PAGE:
A Twitch streamer raised $15,000 for the Transgender Law Center by playing The Sims 4

Kayla Sims, lilsimsie
Photo: Screenshot, Twitch Tv

A twitch streamer and trans ally raised $15,000 for the Transgender Law Center by playing The Sims 4.

Kayla Sims, who goes by the username lilsimsie, decided to host a charity stream for her 443 thousand followers. Her goal was to raise $10,000.

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Sims emphasized the responsibility she feels to use her platform to do good.

“I know there are a lot of trans kids that watch my content online, and I want them to know that they are loved and supported,” she said. “I’ve been given a massive platform, and it’s really important to me to use that platform to give back.”

“I don’t do this alone,” she continued, “I am constantly blown away by the kindness and generosity of the people in my Twitch community. Together we can do so much, and this weekend we raised over $15,000 in just a few hours for the Transgender Law Center.”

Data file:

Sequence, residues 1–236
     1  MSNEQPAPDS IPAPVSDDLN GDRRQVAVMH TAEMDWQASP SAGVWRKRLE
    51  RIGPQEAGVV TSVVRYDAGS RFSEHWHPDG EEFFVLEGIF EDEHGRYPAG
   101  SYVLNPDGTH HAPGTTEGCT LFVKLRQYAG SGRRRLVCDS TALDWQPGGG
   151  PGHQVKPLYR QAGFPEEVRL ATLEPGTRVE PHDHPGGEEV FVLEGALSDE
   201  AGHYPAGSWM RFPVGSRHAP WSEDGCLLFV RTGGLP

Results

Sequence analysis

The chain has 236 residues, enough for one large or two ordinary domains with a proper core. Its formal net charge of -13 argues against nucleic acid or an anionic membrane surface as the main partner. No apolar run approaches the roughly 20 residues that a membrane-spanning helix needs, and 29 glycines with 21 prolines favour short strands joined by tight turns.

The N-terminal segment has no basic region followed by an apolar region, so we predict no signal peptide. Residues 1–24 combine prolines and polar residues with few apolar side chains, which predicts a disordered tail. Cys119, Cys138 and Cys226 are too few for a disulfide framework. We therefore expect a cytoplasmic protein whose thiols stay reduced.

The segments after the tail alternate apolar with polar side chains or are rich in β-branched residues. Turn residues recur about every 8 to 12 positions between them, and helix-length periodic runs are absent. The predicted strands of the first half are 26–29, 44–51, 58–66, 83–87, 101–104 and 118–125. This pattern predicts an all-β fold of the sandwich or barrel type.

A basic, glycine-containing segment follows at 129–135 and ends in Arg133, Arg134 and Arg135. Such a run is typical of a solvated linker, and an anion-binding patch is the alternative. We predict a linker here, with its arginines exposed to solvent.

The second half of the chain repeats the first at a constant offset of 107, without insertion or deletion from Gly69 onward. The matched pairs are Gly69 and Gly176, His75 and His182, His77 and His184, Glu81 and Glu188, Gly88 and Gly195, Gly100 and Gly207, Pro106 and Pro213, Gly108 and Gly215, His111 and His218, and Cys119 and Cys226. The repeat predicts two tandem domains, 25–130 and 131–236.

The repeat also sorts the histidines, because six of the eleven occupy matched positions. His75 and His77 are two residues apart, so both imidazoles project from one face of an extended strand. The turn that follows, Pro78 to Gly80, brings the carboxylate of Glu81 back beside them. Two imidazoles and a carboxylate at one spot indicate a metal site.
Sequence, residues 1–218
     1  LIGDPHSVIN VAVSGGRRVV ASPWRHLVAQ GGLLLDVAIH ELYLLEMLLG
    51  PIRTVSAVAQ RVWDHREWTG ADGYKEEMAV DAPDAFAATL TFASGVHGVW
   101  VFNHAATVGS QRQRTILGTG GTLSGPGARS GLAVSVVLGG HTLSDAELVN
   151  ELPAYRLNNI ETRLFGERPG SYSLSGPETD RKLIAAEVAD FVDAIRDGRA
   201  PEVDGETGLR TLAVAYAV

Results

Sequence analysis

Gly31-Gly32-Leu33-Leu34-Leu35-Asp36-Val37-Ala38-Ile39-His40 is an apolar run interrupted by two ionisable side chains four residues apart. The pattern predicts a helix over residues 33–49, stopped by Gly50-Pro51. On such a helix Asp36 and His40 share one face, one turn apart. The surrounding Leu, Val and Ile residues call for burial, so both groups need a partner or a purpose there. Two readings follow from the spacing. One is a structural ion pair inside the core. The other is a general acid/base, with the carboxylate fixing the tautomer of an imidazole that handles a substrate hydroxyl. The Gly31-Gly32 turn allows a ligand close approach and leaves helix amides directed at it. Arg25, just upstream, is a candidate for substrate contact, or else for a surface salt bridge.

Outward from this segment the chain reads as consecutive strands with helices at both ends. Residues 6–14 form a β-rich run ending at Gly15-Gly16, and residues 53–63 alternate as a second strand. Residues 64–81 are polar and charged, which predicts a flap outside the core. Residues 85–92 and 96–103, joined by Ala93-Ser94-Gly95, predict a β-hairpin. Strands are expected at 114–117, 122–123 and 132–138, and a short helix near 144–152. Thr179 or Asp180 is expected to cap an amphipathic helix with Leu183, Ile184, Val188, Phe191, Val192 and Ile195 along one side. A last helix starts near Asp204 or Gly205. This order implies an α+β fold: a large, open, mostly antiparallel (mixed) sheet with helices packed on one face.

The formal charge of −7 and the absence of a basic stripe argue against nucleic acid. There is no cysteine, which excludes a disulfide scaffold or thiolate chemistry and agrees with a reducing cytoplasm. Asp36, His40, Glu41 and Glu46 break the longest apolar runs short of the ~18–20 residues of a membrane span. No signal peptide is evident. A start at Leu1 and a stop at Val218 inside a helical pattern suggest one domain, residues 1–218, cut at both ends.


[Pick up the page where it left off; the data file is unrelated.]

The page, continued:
The Transgender Law Center is the largest trans-led organization in the United States and fights for equitable laws and policies for the transgender community.

Sims couldn’t believe the outpouring of support she received.

“Not only did we raise $15,000 for the transgender law center today,” she tweeted, “our community has now raised $800,000 for charity on our twitch channel. you are the coolest, and i am so lucky to be apart of such an incredible, generous group. thank you.”

Her most recent fundraiser comes about a month after Twitch announced it has added the option for users to include a transgender tag on their videos, along with hundreds of other new identity tags. The transgender community had been petitioning the company to allow this tag for years, as Twitch already allowed the use of a variety of tags based on users’ interests.

The trans community wanted to use the identity tag to connect with one another, but Twitch maintained it would only lead to increased online harassment.

“We intentionally designed that system for creators to be able to describe what they were streaming, not who they were or what they stood for,” Twitch explained in its announcement of the new tags. “We have maintained this distinction since that time, and we were wrong.”

“We’d like to thank our trans community for originally requesting the ‘transgender’ tag,” the company added, “and for their passion and persistence in pursuit of that request. This has been one of the most popular requests we’ve heard, and the simple truth is that we should have done this sooner.”

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